Saturday, 15 May 2021

More Than Just Words

Hello Friends!

Recently, I have been poring over old documents and family records, most of which are of no interest to anyone, however, I came across a handful of letters which, while of no interest to anyone other than me, I found some very telling facts about how our attitude to smoking has changed.

I have cropped and edited the letters for security and personal reasons.

When my Grandfather was taken very seriously ill during the late 1940's, he required specialist care which could only be provided at a specialist hospital over 60 miles away.  As my family were not able to afford a car, and my Grandmother had to continue working to support the family, visiting him was nigh on impossible, unless she could secure a day off on one of the incredibly scant visiting days, along with an offer of transport, for travelling 60 miles by bus, with at least two changes of service for a strictly governed hour and a half of visiting {many will remember Matron and her Visiting Bell} it was a logistical nightmare, as you will see here:


It seems Draconian, doesn't it?  Then, we think of what is happening now with no visiting of loved ones in hospitals and care homes allowed for the past year or longer due to the pandemic.  At least today there is technology to support virtual visiting.  Yet, one thing remains the same: how hard it must have been to know you may never see your loved one again.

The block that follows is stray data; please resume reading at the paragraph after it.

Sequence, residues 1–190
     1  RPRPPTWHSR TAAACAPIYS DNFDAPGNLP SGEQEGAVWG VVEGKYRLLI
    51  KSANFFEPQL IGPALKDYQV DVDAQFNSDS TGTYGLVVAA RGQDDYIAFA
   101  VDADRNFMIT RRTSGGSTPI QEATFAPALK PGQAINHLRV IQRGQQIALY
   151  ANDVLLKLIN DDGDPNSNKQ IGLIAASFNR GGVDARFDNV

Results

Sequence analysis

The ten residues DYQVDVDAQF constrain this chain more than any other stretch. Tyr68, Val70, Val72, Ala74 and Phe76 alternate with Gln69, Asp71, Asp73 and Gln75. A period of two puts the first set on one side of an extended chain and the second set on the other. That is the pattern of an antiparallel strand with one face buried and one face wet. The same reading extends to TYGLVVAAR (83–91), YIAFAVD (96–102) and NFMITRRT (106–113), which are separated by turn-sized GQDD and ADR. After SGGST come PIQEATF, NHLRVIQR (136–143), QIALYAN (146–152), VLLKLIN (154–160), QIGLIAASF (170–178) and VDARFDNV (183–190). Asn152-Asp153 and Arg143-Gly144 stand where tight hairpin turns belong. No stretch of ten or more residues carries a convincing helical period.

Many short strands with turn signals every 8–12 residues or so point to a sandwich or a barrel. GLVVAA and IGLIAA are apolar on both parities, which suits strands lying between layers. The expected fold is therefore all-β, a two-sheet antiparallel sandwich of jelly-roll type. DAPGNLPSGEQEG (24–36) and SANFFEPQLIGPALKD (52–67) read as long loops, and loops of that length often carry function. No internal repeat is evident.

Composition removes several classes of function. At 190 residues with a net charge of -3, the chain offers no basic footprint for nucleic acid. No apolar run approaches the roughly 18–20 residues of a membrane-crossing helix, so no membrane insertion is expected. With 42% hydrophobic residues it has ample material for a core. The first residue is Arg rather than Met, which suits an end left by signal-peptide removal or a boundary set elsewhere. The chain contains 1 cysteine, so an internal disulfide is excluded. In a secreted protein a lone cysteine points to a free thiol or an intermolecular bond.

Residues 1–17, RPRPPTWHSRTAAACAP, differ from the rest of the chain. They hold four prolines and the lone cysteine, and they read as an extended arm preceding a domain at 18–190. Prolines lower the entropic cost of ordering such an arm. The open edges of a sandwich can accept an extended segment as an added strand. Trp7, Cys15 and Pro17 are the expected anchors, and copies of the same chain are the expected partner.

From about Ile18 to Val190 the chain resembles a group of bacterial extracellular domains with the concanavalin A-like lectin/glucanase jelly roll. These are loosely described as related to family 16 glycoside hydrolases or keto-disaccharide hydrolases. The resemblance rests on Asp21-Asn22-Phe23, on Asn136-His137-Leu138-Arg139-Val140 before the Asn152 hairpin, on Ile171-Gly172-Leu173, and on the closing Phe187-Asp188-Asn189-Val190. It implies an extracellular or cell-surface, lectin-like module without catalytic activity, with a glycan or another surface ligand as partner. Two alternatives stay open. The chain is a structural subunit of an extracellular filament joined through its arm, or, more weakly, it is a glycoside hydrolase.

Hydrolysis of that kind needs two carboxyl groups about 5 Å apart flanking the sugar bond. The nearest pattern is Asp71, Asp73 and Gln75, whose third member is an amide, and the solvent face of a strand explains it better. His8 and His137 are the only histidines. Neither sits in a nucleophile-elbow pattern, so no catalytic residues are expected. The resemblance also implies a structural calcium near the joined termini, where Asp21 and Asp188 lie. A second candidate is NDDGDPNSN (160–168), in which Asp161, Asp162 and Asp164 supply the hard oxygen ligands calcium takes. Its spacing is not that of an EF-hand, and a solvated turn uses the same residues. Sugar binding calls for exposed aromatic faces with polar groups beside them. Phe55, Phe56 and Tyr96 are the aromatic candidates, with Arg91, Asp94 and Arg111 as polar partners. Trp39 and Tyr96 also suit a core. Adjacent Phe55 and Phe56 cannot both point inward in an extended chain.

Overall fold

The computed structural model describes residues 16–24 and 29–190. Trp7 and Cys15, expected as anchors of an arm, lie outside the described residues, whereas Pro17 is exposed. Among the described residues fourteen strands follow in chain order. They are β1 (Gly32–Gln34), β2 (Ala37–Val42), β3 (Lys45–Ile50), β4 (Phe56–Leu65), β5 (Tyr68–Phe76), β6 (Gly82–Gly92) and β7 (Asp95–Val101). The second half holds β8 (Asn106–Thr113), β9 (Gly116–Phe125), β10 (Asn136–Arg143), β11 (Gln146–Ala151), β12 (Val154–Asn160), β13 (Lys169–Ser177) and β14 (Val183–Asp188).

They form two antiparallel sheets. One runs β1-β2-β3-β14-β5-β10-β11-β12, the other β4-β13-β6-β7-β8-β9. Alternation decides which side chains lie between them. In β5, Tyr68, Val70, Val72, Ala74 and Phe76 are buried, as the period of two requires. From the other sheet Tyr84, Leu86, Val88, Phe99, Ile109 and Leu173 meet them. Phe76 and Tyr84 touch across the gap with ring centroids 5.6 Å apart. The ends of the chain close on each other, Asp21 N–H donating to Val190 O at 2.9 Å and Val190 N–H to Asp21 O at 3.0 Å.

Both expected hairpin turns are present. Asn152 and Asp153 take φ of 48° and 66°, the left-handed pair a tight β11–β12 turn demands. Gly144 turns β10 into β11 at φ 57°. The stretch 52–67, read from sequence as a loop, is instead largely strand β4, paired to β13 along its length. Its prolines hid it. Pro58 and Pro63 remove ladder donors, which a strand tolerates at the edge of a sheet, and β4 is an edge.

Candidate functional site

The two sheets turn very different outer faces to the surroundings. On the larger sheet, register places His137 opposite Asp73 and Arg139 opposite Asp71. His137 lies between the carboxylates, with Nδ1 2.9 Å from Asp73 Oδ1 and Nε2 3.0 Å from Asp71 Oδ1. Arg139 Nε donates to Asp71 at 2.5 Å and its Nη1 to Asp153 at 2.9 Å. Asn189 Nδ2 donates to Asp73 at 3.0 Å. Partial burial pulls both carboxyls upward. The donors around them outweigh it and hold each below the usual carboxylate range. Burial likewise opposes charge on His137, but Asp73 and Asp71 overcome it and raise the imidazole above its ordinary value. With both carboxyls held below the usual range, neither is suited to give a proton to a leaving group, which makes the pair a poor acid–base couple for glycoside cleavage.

The following excerpts say more about the times and the attitude towards smoking than I have ever seen.  Remember, these letters came from a person in charge!


Just look at the fact that he was allowed to smoke in bed in hospital!  As I said, very telling letters indeed.
{The cost of tobacco must have gone up a penny!}


The final letter I will share was written after he had passed away.  Everything I have ever heard about my Dadcu is that he was kind, considerate, and a gentle man.  It must have brought some comfort to my Grandmother and Mother that his illness and hospital confinement, which was very long indeed, did not affect his temperament.  What a wonderful way to go, to just gently slip away while enjoying one last cigarette.  Such a gentle way of describing how he simply slipped away to God's keeping.

I am typing now with tears running down my face.


I hope you have enjoyed seeing this little glimpse into the past.  Letters are such wonderful things, and contain so much more than words.  They have no value to anyone, so I plan to offer them to the local Historical Society.

Until next time
Stay Safe, Stay Well

12 comments:

  1. Hi Deb! Times have changed, and prices , too. Smoking in bed would certainly not be allowed any more. Visiting hours are generally more frequent these days, except of course in Covid times. We were not allowed any visitors when I was in the clinic. This was an interesting look back, thanks for sharing! Hugs, Valerie